Whilst it is generally recognised that innovation is important and enhances shareholder value, what is less well understood is how to become more innovative. Innovation audits review current practices enabling the consultant to advise on alternative and additional measures and techniques that companies can adopt to improve and maximise their innovation capabilities.
The preceding paragraph succinctly encapsulates the rationale for innovation audits. They are designed to assist companies in understanding their current innovation practices, and how these might be improved upon or added to. Indeed, the audit may illuminate some practices which are actually hindering innovation, and these need to be reduced or stopped. Why? All companies interested in growth will be looking at how they can be innovative and it is increasingly, and widely, recognised that innovation capability is one of the key determinants of long-run profitability and survival. Companies will, therefore, all be wishing to improve their processes to maximise their innovation capabilities and maximise opportunities for growth.
All organisational systems should support innovation. Corporate executives need a means of auditing their firm’s innovation capability so that they can get a sense for the overall performance of their innovation process and where it may be deficient. The innovation audit is a proven method to improve innovation. It examines key indicators, determines strengths and weaknesses and identifies ways of improving innovation throughout the organisation.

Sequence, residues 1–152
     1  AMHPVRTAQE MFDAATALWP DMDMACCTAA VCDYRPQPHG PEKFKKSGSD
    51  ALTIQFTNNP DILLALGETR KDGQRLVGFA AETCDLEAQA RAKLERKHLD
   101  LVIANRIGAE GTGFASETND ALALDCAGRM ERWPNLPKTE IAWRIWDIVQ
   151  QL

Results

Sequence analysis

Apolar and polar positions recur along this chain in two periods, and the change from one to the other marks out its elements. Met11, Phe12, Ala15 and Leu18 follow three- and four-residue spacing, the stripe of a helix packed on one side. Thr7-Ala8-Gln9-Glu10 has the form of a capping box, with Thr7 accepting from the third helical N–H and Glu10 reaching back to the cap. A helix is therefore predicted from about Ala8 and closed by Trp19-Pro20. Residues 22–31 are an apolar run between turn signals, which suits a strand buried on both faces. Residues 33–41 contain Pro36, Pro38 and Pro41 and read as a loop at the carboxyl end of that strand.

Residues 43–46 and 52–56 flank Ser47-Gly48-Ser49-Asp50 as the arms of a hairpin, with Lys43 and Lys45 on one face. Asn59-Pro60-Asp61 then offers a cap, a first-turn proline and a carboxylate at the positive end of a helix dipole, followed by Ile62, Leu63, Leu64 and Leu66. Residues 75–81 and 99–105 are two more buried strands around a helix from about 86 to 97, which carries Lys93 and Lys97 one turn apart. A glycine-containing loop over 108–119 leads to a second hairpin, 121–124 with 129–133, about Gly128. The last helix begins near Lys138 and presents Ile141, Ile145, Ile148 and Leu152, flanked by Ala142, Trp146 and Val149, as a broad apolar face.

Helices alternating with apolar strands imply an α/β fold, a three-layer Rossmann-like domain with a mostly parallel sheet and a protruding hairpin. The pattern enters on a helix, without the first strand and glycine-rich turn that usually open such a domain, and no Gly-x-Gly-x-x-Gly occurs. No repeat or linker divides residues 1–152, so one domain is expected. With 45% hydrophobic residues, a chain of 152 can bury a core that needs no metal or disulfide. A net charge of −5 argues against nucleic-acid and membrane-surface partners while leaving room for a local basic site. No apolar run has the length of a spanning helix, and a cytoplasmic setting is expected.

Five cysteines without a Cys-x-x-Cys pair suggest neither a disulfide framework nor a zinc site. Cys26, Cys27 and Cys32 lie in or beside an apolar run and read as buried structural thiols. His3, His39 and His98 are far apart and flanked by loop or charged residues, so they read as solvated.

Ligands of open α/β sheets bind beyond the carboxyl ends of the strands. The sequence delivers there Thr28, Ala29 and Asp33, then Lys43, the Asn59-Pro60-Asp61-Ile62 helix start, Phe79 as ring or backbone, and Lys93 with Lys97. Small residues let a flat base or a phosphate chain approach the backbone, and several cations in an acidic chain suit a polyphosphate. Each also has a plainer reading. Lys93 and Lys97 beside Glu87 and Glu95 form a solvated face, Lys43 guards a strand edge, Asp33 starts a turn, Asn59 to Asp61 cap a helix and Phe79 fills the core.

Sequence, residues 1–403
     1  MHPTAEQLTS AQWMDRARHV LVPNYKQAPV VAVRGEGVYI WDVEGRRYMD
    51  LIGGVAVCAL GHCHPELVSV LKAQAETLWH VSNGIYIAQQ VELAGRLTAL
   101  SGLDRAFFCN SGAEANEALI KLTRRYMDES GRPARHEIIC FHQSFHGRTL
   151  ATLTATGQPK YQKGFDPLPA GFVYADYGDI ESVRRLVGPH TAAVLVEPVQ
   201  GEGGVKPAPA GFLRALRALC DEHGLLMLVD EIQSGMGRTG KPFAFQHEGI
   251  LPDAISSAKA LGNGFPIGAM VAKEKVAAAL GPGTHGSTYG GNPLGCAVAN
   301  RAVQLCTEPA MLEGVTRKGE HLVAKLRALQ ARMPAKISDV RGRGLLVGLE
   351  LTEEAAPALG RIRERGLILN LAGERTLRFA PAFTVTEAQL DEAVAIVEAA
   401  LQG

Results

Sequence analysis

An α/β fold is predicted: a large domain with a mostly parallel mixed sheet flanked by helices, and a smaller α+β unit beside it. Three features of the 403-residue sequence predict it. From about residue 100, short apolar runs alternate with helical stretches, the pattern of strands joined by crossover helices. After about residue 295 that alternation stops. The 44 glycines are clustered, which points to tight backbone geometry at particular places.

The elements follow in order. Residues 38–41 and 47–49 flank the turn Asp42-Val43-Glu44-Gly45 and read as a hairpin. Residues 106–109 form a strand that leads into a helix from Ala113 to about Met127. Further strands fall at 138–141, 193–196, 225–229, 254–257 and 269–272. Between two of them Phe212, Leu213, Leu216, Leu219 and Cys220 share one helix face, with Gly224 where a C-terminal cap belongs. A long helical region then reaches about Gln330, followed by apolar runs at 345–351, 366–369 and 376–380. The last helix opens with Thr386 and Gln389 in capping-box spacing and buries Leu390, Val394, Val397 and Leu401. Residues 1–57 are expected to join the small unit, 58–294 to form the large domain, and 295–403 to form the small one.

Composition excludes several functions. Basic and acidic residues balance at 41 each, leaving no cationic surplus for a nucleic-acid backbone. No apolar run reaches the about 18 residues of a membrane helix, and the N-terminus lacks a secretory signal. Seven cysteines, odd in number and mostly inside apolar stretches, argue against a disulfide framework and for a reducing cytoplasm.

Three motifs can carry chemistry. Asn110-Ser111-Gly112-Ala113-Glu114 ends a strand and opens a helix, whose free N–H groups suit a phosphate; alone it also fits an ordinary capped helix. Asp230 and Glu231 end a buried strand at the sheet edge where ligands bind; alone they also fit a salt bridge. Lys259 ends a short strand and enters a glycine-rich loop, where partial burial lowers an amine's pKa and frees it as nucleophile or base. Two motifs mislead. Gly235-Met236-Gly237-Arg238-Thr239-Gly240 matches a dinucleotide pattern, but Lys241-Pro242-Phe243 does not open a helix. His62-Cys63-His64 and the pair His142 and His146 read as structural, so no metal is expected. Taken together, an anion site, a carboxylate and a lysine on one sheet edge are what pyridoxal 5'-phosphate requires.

The subsequent report tells you what is working well in terms of culture, processes, communication and actions. It also analyses what is inhibiting innovation.
The outcome of the audit should be a clear identification of issues and the obstacles of innovation. It enables you to significantly improve the culture and process of innovation within your business. It should also lead to higher levels of motivation throughout the organisation, resulting in a more innovative, and entrepreneurial organisation that welcomes and initiates change. All of which leads to an ability to implement fresh ideas to generate revenue or reduce cost.
A summary of the benefits of an innovation audit is as follows:
· It enhances the company’s innovation capability;
· It identifies opportunities for increasing innovation;
· It clarifies where the organisation needs to focus to maximise innovation success;
· It embeds innovation in the company’s processes;
· It can build on individuals’ creativity to be innovative;
· It can identify and control the barriers that stifle creativity and innovation;
· It fosters innovation in the organisation’s culture; and
· It can align the organisation in common purpose and action.
Examples of questions, which can be asked, include:
· Innovation strategy
o Is there an innovation strategy?
o Does the innovation strategy support the corporate strategy?
o Is the innovation strategy known and understood throughout the organisation?
· Idea generation
o Are ideas readily canvassed from staff?
o Are ideas submitted from different levels and departments?
o How many ideas were submitted over the past twelve months?
o Are financial and scoring techniques used to select projects?
o Are there appropriate mechanisms in place to assess potential projects?
o Are decisions made quickly?
o Is there an appropriate project review mechanism?
o Is there an appropriate mechanism for capturing learning from projects?